One of Dunkirk's 'Little Ships' summers in Jamestown
Her crew of five is working hard to put the 122-foot motorsailor in perfect shape for a visit by her present owner, billionaire Tom Perkins, of San Francisco, at the end of July, said First Mate Robert Bolt of the U.K.
"Originally christened Caleta in 1930, the ship was renamed Atlantide by a later owner, Count Nicolo delle Rose of Italy," Bolt said.
According to the ship's cook, Jessica Marks of New Zealand, "Atlantide spent five years in the Mediterranean after finishing a total restoration in 1999." Marks joined the crew just before the vessel left the Med to sail to Antiqua and St. Martin where the boat wintered before coming to Jamestown.
Atlantide is an unusual craft with a distinctive sail configuration. Her two masts are squarerigged for downwind sailing and her sail inventory includes three headsails and a staysail off the stern. She is additionally powered by a pair of eight-cylinder Gardner diesel engines, making Atlantide a true motor-sailor. The boat is 122- feet long, with an 18-foot beam, a 7-foot draft, and displaces 180 tons.
As described in the ship's bio, Atlantide has a history that authors and filmmakers dream about. Designed by English naval architect Alfred Mylne and constructed in 1930 by Philip and Son at Dartmouth, England, the ship has been in continuous commission until her recent rebuild that was completed in 1999 at Gosport, in Portsmouth, U.K.
The vessel was originally built for Sir William Burton KBE (Knights of the British Empire), a distinguished yachtsman who was helmsman of Shamrock IV, the J Class challenger for the America's cup in 1930. Sir William owned and raced a succession of successful 12-meter yachts in regattas all around the East and South coasts, ending with Cowes week in August. Caleta (now Atlantide) followed the yachts, providing accommodation for the owner and his guests at each regatta.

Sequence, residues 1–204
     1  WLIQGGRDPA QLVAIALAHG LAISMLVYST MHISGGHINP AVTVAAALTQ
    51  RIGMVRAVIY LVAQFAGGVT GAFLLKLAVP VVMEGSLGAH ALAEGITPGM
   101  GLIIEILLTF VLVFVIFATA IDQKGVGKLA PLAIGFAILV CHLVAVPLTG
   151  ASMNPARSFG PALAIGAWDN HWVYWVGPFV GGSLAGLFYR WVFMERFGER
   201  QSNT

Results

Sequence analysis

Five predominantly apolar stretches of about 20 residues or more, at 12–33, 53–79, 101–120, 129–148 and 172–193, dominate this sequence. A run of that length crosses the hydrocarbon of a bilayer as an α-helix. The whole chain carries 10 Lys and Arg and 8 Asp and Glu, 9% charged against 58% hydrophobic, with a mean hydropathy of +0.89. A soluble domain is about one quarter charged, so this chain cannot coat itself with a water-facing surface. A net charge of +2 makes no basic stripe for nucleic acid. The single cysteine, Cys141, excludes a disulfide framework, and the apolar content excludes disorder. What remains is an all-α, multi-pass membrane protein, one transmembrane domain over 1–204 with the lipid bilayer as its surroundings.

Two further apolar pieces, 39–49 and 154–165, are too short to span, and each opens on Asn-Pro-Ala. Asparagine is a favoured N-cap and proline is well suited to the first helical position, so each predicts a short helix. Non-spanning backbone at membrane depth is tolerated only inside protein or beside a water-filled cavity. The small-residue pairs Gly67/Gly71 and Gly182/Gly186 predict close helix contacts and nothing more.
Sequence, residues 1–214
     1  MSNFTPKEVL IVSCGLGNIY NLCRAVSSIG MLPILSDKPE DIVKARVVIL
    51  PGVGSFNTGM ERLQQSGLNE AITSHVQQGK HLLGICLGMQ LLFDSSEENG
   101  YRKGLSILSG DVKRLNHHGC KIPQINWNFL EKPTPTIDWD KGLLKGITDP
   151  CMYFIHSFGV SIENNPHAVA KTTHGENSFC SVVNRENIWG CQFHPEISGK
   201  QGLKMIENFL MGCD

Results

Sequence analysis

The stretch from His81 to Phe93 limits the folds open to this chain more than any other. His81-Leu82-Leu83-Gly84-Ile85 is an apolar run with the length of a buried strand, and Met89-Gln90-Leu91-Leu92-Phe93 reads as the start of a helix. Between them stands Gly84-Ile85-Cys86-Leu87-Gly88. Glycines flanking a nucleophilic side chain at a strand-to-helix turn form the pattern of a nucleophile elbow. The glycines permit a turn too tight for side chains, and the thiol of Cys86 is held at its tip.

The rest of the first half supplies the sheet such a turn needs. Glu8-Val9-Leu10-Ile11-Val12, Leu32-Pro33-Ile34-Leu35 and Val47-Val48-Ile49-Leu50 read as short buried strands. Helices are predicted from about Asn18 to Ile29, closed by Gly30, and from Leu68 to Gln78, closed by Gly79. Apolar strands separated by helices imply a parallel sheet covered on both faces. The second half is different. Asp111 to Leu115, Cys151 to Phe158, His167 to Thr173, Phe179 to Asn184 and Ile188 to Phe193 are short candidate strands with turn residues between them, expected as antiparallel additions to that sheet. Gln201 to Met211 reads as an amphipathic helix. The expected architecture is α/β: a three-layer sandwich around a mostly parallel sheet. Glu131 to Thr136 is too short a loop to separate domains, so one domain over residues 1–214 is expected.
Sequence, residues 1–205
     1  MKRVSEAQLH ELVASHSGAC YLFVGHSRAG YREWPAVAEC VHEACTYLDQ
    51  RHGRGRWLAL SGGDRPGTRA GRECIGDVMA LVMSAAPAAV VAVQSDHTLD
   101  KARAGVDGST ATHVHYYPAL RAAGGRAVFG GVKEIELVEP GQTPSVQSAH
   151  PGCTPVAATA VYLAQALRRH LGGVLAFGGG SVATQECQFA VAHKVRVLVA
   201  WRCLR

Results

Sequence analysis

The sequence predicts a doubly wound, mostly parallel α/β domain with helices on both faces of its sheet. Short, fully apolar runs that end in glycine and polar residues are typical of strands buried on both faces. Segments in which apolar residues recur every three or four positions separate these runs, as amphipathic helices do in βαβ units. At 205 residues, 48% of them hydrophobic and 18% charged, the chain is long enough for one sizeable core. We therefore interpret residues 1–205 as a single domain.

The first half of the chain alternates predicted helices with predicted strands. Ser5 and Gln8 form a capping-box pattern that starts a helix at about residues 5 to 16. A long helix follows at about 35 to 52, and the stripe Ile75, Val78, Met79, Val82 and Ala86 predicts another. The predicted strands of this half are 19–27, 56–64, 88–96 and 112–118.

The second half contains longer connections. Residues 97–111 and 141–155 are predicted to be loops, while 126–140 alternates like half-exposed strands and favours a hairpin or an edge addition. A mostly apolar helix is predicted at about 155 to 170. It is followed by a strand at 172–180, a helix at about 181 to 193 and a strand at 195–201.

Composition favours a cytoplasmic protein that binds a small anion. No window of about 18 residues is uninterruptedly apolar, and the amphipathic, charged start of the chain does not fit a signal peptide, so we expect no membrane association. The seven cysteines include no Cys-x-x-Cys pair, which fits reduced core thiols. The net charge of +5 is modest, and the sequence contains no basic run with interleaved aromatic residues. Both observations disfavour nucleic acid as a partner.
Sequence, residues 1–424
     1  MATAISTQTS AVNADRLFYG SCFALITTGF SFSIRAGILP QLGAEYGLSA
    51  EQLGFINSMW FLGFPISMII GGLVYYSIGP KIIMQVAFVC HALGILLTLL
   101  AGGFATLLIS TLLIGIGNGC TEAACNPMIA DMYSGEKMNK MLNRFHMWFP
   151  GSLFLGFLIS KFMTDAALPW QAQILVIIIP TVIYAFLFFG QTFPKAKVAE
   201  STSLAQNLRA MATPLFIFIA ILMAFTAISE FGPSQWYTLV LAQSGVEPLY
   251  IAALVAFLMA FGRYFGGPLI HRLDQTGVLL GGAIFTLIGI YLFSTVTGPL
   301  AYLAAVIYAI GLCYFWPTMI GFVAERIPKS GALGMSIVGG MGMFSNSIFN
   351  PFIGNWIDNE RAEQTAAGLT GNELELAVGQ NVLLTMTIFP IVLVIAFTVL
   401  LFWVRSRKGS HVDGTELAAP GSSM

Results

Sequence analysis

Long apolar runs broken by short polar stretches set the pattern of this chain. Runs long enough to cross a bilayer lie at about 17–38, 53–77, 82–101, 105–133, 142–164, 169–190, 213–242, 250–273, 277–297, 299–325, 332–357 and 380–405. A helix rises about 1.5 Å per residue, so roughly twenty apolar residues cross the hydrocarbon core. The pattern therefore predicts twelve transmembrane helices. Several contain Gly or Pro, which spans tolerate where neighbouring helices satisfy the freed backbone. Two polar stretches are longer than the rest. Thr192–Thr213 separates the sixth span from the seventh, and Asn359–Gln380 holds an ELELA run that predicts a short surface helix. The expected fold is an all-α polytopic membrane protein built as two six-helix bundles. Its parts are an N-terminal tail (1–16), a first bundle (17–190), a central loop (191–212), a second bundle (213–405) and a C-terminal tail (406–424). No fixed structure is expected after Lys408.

In 1939, she was requisitioned into the Royal Navy, and in 1940 she joined the mass of "Little Ships" that evacuated the British Expeditionary Force from Dunkirk harbor and the beaches immediately to the East. Caleta was an active participant, setting out for Dunkirk on May 31, 1939, in company with the yachts Glala and Amulree.
She operated under intense enemy shellfire and dive-bomber attacks through May 31 and June 1, during which time she assisted various vessels and embarked 35 troops from the disabled ALC5, which she took in tow. The tow line broke twice, but was repaired and on June 1, the boat was delivered safely at Sheerness.
After the war, she was bought by a Greek ship owner who changed her name to Ariane. Later she was renamed Corisande and based in Antibes where she was used in the film 'Tender is the Night' with Ingrid Bergman. In the 1980's she was bought by Count Nicolo delle Rose who gave her the present name of Atlantide.
In 1998, venture capitalist and entrepreneur Thomas Perkins of San Francisco acquired Atlantide and she underwent a total rebuild. The hull was reconstructed at the Manoel Island Shipyard of Malta and the new superstructure and interior was provided by Camper and Nicholson, of Gosport, and C & C Designs of Norfolk, England. The boat was relaunched in August 1999. Atlantide will be put to use as a support ship for her owner's racing fleet, by coincidence the same use as her first owner intended.
Atlantide owner, Thomas James Perkins, is an American businessman, capitalist, and one of the founders of leading venture capital firm Kleiner, Perkins, Caufield & Byers. According to Yachting Magazine, he was also the first general manager of Hewlett Packard's computer business, the venture capitalist behind Amazon, AOL and Genentech, and perhaps the only man to have been chairman of three different New York Stock Exchange-listed companies at the same time.
In July 2006, Perkins formally launched his 289-foot sailing yacht named "The Maltese Falcon" - one of the world's three largest privately owned yachts.